May 4, 2017
MDH expands advice for measles vaccination to make sure more children in state are protected
With 41 confirmed cases of measles in Hennepin, Ramsey and Crow Wing counties, and more cases likely in the current outbreak, state health officials today expanded their recommendations for stepped-up vaccination in an effort to curb the spread of the disease.
Measles is a serious disease that can lead to hospitalization and even death. It spreads very easily among unvaccinated people. The Minnesota Department of Health (MDH) has made the following recommendations to protect children and adults during outbreaks:
- All children 12 months and older who have not received a measles, mumps and rubella (MMR) vaccine should get the first dose as soon as possible.
- Adults born in 1957 or later who have never received the MMR vaccine and have never had measles should get the vaccine as soon as possible.
For children who have had one dose of the MMR vaccine:
- In counties where measles cases have been identified (currently Hennepin, Ramsey and Crow Wing), children 12 months and older who received their first dose of the MMR vaccine at least 28 days ago should get their second dose as soon as possible.
- All Somali Minnesotan children statewide who received their first dose of the MMR vaccine at least 28 days ago should get their second dose now.
- Health care providers may recommend an early second dose of the MMR vaccine during routine appointments for children statewide.
Parents should contact their child’s health care provider and specifically tell them the child needs the MMR vaccine. This may help avoid a longer wait associated with scheduling a routine appointment.
The MMR vaccine is given to children in two doses, typically at 12 months and between 4-6 years. The first dose offers good protection, and the second dose provides extra security. The accelerated vaccine schedule recommended is commonly used during outbreaks.
Babies younger than 12 months may have some protection from their mothers if their mothers have been vaccinated or have had measles. The current outbreak has caused illness almost exclusively in children older than 12 months.
Minnesotans who have received the MMR vaccine are considered protected. Contact your health care provider to confirm that you and your children have received the MMR vaccine. You can also request immunization records by calling 651-201-3980 or visiting MIIC Immunization Records Requests.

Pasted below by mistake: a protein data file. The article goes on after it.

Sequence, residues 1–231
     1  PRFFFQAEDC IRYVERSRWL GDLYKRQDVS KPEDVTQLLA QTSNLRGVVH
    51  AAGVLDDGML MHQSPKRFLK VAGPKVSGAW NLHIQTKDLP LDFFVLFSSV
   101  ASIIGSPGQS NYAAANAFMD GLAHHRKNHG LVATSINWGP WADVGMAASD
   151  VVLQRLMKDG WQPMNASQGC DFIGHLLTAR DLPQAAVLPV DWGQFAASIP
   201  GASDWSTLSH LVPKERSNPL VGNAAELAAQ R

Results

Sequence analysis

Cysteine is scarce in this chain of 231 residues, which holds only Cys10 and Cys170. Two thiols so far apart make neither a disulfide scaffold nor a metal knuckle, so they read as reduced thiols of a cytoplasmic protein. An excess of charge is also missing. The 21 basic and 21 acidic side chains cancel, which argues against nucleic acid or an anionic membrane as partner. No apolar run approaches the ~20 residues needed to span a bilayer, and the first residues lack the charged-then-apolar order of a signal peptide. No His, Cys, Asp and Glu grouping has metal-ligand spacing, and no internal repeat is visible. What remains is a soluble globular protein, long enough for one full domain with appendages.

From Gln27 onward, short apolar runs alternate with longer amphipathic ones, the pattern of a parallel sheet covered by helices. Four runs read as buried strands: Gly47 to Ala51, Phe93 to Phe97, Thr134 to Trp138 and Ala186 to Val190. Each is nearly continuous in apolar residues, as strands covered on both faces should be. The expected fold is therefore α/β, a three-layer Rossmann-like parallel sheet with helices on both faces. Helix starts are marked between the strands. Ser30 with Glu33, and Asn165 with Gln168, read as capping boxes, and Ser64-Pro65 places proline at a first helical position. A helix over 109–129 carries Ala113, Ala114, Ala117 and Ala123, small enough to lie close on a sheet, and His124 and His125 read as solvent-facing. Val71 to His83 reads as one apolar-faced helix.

For parents concerned about the cost of immunizations, the Minnesota Vaccines for Children Program provides free or low-cost vaccines for eligible children through age 18. More information is available at Can My Child Get Free or Low Cost Shots?
Measles symptoms include a high fever, cough, runny nose and watery eyes followed by a rash that typically spreads from head to the rest of the body. Measles spreads through the air by coughing or sneezing. You can get measles by just being in the same room as someone who has measles. It is important for people who think they or their child may have measles to call their health care facility before going in so they can take measures to protect other people. Most people in Minnesota are immune to measles either from having been vaccinated or from having had the disease. However, in recent years vaccine rates have declined in some communities and groups – often due to fears related to misinformation about vaccine risks.
The health department reported Thursday a total of 41 confirmed cases since April 11, 2017. The majority of cases are in Hennepin County, and almost all are unvaccinated. Most of the exposures have occurred in either child care, health care or household settings. To date, more than 2,500 people have been exposed.
Health officials said the Crow Wing county child may have been exposed in multiple locations in Hennepin County.
Disease investigators follow up with each confirmed case to determine how the person became infected and who was exposed to the case while they were infectious. Those exposed people who are determined not to be immune to measles – because they have not been vaccinated nor had the disease – are asked to exclude themselves from school, work or child care for 21 days.
“Once measles begins to spread in unvaccinated populations, it can be very difficult to stop,” said Kris Ehresmann, director of infectious disease control for MDH. “We would not be surprised if we saw additional cases in other parts of the state where there are clusters of unvaccinated people before this is over.”
In addition to case identification, investigation and follow-up, state and local health officials have been working with local public health staff and leaders in the Somali community to address concerns about autism and encourage MMR vaccination.
In the three weeks since the outbreak began, outbreak response efforts have involved more than 70 staff at the state level, working full or part time, at a cost of $207,000. In addition, county public health staff and health care providers and facilities involved in the outbreak have accrued significant labor and related costs.
For more information on measles and for updates as the investigation continues, please visit Measles.